[​IMG]

    This is my HuanYang VFD (2 hp) that I put into a steel enclosure. I got lucky and found the enclosure on Kijiji for $60.
    [​IMG]

    Calculations that I made when packaging my two open chassis VFDs would suggest that with the enclosure, fuses, switches and so on, makes the cost for the inexpensive VFD after packing only slightly less than a completely sealed KB Electronics VFD of the same power rating. In saying that, there may be some cost savings you can apply given your surplus and circumstances. Maybe you have an enclosure already, or have some fuses or terminal blocks already. That's great.

    If you have a VFD in mind to go with a three phase motor let me know, I can look up the specs and tell you if it's going to work for you.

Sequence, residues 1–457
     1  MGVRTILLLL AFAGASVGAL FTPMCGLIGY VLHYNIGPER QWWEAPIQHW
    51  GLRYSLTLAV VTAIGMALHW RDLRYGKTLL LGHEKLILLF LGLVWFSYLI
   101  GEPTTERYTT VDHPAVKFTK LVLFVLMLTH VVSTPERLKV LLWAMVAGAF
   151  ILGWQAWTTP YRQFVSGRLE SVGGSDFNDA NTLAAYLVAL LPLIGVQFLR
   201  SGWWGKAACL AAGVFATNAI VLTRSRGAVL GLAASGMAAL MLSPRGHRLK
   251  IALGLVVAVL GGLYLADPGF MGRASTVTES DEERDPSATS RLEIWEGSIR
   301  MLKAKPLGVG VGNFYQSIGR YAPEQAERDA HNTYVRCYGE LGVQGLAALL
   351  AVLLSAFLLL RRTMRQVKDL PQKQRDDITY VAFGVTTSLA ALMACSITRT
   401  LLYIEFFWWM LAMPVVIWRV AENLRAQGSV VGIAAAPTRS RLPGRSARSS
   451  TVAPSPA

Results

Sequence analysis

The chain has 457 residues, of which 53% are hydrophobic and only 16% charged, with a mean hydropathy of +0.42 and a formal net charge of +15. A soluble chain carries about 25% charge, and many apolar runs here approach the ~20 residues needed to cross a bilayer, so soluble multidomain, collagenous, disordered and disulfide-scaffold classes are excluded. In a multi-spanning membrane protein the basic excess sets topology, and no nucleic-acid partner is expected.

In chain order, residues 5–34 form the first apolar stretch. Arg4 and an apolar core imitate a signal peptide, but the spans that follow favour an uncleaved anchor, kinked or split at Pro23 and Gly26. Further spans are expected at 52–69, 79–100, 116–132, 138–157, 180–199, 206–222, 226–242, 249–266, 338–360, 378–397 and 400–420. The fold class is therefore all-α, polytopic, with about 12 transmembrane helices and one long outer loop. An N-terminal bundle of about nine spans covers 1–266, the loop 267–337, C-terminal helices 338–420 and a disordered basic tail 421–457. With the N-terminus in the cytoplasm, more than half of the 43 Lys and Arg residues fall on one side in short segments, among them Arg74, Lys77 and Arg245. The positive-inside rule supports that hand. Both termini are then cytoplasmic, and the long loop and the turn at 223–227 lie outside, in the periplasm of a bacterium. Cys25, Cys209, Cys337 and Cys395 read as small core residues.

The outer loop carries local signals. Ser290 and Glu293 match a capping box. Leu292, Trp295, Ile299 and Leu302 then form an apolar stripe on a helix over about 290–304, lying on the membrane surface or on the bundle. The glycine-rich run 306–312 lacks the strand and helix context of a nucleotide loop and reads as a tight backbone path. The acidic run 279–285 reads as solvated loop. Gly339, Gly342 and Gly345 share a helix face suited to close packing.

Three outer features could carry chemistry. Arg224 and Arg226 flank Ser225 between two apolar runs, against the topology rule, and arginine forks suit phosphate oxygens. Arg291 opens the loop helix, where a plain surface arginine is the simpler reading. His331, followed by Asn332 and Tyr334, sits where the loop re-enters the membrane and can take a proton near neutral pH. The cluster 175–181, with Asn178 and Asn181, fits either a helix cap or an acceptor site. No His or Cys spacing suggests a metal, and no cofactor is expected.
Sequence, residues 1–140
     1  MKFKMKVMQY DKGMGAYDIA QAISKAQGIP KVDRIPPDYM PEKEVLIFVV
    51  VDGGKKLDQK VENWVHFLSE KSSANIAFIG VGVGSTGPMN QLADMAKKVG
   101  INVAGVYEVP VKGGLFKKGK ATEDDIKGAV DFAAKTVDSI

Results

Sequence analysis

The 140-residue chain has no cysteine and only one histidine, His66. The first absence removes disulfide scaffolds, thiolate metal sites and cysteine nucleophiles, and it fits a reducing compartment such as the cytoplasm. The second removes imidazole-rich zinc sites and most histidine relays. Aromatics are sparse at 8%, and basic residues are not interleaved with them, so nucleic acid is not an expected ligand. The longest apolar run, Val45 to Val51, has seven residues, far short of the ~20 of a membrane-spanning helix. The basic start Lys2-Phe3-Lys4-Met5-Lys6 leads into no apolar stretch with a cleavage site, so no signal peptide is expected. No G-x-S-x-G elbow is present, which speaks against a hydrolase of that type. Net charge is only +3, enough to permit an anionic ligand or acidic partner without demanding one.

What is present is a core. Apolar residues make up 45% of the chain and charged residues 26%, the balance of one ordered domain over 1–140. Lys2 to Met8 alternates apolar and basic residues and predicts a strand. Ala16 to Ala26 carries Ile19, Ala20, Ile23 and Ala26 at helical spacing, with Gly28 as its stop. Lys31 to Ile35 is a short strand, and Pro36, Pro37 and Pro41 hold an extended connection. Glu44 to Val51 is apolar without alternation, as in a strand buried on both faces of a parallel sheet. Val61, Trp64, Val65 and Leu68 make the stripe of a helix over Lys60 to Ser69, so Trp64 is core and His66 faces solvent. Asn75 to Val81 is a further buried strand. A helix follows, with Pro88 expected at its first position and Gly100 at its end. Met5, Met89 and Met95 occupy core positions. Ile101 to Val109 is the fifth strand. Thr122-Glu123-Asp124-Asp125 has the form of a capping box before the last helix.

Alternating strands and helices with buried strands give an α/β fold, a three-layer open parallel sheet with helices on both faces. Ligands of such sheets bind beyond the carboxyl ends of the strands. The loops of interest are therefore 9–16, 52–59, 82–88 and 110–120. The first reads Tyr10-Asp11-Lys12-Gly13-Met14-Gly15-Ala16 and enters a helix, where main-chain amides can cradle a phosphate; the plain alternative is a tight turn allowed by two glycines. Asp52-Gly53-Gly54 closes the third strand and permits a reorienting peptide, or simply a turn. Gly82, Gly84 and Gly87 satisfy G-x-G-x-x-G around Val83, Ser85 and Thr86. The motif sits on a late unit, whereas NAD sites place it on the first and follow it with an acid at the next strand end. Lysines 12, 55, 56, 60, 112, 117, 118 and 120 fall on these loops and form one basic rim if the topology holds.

Dan
     
  3. Shadnuke

    Shadnuke Disabled dreamer...

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    Thanks for the info! I will try to make it out to the shed tomorrow, and take a look. I believe the motor can be wired 3ph but I can't remember. I remember seeing something, but off the top of my head, I'm not sure, and might just be a 1ph.
     
  4. Shadnuke

    Shadnuke Disabled dreamer...

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    Just thought to check my order history for the motor. This is what I'm running...

    IronHorse standard performance AC induction motor, general purpose, 1hp, 1-phase, 115/230 VAC, 3600rpm, TEFC, 56C frame, rolled steel, rigid base/C-face mount.
     
  5. dancom

    dancom Dust Maker Best Shop Tool

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    Hi Kevin,